I was diagnosed in later September and started Tasigna 600mg. Early side effects included headache, fatigue, cough, various GI issues, elevated glucose, bilirubin and ALT - none of these was serious and all have resolved except glucose (hovering around 115) and GI, although this latter issue is much better than it was. Worse initial issue was skin cancer - see my post Skin Cancer - 7 and counting in 4 months. In late February/early March, I had a horrible bout of mouth ulcers, followed by swollen salivary glands, followed by less severe ulcers, followed by a second episode of swollen salivary glands, then another round of even less severe ulcers, a third and so far final episode of swollen salivary glands. No more ulcers, but continuing dry mouth which seems to be very slowly improving. Even has a neck CT scan to rule out salivary stones or a tumor which was negative. So even though my oncologist at Mayo Clinic isn't convinced this was caused by the medicine, I certainly am.
Now for the good news - my leukemia responded very quickly to the Tasigna. I was MMR in 3 months and .006% IS on March 10. The March 10 PCR was prompted by me approaching my oncologist about reducing my dose to see if that would help reduce the incidence of new skin lesions. He said absolutely no way and I said it was the only option that I would consider because I was not ready to switch medicine yet. So he reluctantly agreed and tested me immediately on March 10 and then again on April 5, when PCR showed <.003% IS, so somewhere between 4.5 and 5.0 log or about as close to undetectable as you can get while still being positive. Since the dose reduction, GI issues have improved even more, mouth issues have improved and continue to do so, and most importantly, incidence of new skin lesions has dropped significantly (also likely contributing to this is an improving immune system and a daily regimen of 1000 mg of Niacinamide).
I believe that we are all different - some people need more TKI and others less to achieve and maintain MMR and beyond. I believe I am one of those who needs less and desperately want to try further dose reduction and do not at all mind more close monitoring. I would like to go from daily dose of 450 mg now to 400mg, then 350 mg, then 300mg, then 200mg, then 150mg over the next 2 years or so. Unfortunatley, my oncologist is old school and says that further dose reduction is not possible until there is at least five years of clinical data from dose reduction trials like DESTINY. He would allow me to stop if I meet the STOP trial criteria (3 years of therapy and 2 years of PCRU). While I would love to be able to stop someday, I think it makes much more sense to gradually reduce in an effort to find the threshold level of medicine that keeps me below MMR while minimizing short and long term side effects.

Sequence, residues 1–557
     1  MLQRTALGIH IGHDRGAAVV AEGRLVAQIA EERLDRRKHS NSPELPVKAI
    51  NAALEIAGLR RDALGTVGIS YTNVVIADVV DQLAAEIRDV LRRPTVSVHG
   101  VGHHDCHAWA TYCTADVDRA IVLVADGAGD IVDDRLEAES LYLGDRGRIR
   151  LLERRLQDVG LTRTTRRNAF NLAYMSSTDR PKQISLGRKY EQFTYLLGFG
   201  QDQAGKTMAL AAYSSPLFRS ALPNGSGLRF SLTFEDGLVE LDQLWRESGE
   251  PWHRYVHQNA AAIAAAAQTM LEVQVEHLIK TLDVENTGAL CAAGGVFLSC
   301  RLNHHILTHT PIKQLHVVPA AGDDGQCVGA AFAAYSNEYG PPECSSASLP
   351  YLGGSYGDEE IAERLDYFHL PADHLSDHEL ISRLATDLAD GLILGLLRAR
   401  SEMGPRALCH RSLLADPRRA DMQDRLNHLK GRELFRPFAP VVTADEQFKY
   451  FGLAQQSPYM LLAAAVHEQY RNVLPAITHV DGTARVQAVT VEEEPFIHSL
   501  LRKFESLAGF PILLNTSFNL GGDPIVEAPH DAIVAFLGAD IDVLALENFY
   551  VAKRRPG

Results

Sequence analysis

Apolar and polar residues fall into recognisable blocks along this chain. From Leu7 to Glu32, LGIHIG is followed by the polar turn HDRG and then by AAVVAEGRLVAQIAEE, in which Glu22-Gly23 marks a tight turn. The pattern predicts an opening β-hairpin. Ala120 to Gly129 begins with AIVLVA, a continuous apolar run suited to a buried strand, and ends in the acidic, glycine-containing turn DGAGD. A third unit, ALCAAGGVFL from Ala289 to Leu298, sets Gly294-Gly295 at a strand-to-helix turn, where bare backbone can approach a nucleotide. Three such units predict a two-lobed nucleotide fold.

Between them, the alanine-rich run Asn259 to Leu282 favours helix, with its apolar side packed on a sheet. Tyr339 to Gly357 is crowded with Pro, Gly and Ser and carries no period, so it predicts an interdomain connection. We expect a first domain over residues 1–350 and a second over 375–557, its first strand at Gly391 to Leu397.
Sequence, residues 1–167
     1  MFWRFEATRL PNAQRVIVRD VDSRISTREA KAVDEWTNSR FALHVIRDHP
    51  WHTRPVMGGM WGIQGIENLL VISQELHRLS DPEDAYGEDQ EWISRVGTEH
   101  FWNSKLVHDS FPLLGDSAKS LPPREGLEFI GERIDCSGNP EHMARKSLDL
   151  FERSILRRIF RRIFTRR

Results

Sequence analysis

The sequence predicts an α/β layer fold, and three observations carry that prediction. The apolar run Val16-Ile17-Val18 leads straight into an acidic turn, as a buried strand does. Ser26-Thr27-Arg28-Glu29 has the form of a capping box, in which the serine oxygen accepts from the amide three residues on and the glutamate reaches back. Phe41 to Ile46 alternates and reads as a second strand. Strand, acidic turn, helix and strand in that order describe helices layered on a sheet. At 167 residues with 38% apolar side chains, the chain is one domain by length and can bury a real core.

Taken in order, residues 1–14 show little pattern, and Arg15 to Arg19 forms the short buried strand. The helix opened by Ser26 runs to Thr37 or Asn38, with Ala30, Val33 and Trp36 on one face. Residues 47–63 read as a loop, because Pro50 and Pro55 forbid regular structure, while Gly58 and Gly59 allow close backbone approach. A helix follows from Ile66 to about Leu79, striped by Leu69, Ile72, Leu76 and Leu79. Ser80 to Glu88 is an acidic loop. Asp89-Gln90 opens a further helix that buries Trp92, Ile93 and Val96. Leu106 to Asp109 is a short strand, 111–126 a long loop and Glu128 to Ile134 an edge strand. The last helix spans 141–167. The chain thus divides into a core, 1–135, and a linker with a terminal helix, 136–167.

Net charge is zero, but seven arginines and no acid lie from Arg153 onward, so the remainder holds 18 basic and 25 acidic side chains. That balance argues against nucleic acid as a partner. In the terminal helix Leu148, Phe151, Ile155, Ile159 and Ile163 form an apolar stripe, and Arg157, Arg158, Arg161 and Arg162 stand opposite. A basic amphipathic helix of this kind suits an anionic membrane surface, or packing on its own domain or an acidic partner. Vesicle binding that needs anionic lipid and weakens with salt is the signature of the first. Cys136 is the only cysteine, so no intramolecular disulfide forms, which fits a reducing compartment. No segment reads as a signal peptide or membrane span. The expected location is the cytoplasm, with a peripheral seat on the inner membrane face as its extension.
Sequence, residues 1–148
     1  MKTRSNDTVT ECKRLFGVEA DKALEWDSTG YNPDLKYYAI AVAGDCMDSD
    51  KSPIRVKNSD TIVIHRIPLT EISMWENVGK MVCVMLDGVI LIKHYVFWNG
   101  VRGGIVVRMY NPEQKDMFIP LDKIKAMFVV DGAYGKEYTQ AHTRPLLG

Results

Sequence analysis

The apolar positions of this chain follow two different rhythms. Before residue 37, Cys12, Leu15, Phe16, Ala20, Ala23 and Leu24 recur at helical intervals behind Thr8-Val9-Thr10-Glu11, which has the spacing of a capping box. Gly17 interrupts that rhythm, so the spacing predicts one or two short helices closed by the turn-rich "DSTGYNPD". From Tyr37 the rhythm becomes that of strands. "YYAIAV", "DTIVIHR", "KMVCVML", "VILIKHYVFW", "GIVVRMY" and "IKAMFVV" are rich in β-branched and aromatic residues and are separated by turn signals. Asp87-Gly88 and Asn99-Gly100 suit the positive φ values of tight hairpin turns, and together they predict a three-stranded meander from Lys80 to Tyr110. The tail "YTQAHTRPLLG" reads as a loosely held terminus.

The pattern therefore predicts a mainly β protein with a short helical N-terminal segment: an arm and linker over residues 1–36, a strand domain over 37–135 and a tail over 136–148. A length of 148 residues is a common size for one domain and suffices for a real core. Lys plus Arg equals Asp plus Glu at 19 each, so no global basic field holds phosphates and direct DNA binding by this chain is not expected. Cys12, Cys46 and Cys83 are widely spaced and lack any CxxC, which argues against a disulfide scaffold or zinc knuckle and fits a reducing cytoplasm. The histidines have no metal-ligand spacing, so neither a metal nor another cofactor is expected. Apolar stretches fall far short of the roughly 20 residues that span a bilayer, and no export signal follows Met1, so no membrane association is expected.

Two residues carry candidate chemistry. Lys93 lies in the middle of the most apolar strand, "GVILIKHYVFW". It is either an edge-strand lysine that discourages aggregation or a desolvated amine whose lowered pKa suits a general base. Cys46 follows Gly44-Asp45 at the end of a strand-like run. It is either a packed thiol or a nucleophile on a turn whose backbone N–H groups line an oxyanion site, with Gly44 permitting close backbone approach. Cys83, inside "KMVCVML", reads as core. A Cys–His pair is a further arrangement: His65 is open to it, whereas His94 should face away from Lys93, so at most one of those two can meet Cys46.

I feel so strongly about further dose reduction now or soon that I have a consultation with Baptist MD Anderson here in Jacksonville FL on May 3rd to see if they are more open to this than my Mayo oncologist. We will see what happens. Dr. Cortes, who heads up MD Anderson's CML program in Houston Texas is a big believer in threshold level dose and regularly starts many of his patients on less than full dose and then either increases or decreases based on response. I think this approach is the new frontier in CML treatment and one that is logical and safe if properly monitored.
The world of CML is full of patients and progressive oncologists who are trying dose reduction and it is working for many. The forums at
are full of these types of stories, so take a look. Good luck whatever you decide. It is your disease and your body and your life.